Here is an article I wrote about color mixing . . . enjoy!
In the world of color theory there are three main, or primary, colors. These primary colors are red, yellow, and blue. It should be possible to create all other colors with just these three colors, in theory anyway.
In reality, you need a few more. . .
Anyone who has ever visited an art supply store or the paint aisle of a craft store knows that there are many versions of 'red, 'yellow', and 'blue'. How do you know which one to use and what do all those names mean? If I'm painting water do I need ultramarine? What the heck is alizarin, cadmium, and dioxazine? They sound more like chemicals than paint colors!
I've experimented with this for years, a little obsessively, in the quest to simplify my paint collection. After reading everything I could from the experts and doing some experimentation on my own, I have come up with nine colors that can handle almost anything you want to paint. The key is to select two of each primary colors. That's right, two reds, two yellows, and two blues. Why? Because of a little thing called color bias. (I know, I know, how can colors be bias? It's ridiculous, right?)
This idea of color bias leads us to color temperature.
All reds and yellows are warm and all blues are cool, right? Not so fast . . . we can actually find both cool and warm colors in each primary: red, yellow, and blue. How can you tell? Honestly, this can get a little tricky – which is why I'm writing this post. Let's start with yellows. I bet if you walked into a paint store you could find some yellows that were closer to green (cool) and some yellows that are closer to orange (warm), right? That, in a nutshell is color bias. Lets try the same with red. Could you think of a red that is closer to orange (warm) and a red that is closer to purple (cool)? Finally, blue. Imagine a blue that is closer to purple (warm) and a blue that is closer to green (cool). That's it! You've got it! If not, don't worry. It takes practice. Why not visit an art supply store and try this exercise in person? You could even do it with paint chips in a hardware store or Walmart!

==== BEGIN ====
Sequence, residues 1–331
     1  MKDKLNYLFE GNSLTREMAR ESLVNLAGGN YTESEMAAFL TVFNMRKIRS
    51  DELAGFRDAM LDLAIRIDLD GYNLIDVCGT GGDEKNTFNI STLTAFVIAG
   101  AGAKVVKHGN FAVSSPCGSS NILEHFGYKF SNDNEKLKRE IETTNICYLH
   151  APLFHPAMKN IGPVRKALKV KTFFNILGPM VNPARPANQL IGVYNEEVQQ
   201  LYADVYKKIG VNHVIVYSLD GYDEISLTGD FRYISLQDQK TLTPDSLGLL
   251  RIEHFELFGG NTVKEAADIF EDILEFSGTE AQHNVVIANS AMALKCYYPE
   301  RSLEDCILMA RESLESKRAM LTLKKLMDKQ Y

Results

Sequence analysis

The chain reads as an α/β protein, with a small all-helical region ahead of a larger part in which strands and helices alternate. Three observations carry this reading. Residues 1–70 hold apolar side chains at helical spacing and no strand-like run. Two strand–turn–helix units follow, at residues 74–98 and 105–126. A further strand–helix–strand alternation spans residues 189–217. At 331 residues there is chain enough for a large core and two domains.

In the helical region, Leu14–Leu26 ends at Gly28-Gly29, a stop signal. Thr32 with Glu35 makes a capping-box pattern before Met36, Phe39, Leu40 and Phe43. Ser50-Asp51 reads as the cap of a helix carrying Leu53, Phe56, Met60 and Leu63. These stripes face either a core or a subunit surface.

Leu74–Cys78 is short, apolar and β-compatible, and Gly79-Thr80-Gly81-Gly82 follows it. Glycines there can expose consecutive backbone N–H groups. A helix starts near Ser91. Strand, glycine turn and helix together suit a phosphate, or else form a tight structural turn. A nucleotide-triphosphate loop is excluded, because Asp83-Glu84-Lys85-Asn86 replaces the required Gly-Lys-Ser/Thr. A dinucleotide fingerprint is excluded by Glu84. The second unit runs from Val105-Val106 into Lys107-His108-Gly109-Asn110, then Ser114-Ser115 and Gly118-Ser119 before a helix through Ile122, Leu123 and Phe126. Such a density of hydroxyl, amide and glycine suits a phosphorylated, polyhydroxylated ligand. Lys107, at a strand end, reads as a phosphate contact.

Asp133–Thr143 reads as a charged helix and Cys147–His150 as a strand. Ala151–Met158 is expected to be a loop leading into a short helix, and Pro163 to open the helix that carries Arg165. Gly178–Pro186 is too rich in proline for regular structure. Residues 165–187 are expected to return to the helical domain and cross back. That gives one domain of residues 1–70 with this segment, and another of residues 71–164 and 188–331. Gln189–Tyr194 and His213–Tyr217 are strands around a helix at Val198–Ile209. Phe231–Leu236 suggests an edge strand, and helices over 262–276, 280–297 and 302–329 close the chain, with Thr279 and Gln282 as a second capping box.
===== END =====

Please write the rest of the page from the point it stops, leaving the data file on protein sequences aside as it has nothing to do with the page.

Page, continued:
Here is what the warm and cool primaries look like in reality:
But this is only six colors, remember I said I use nine to create almost any color I need?
(I actually should have said ten – I forgot white!)
I discovered that there were some greens and purples that were not as vibrant as I would like – so I added a green and purple to my palette and that took care of that and I got some awesome black replacements to boot! I also added neutral gray so I could mix subtle transition colors found in the landscape. And last but certainly not least (it's used in almost all mixes) you need Titanium White.
Here is a demonstration of how color bias/temperature can affect your color mixes. Lets say you want to mix a bright green. You know that yellow + blue = green. Easy, right? Let's see what happens when you mix a warm yellow (Yellow Oxide) AND a warm blue (Ultramarine Blue)
Definitely not the green you are looking for!
Maybe a cool yellow (Cadmium Yellow Light) and a warm blue ( Ultramarine Blue)?
But can you get an even brighter green just using yellow and blue? How about a cool version of each? YES!
Mixing a warm yellow with the cool blue still gives you a pretty nice, although muted, green. This color would be very useful in landscape painting.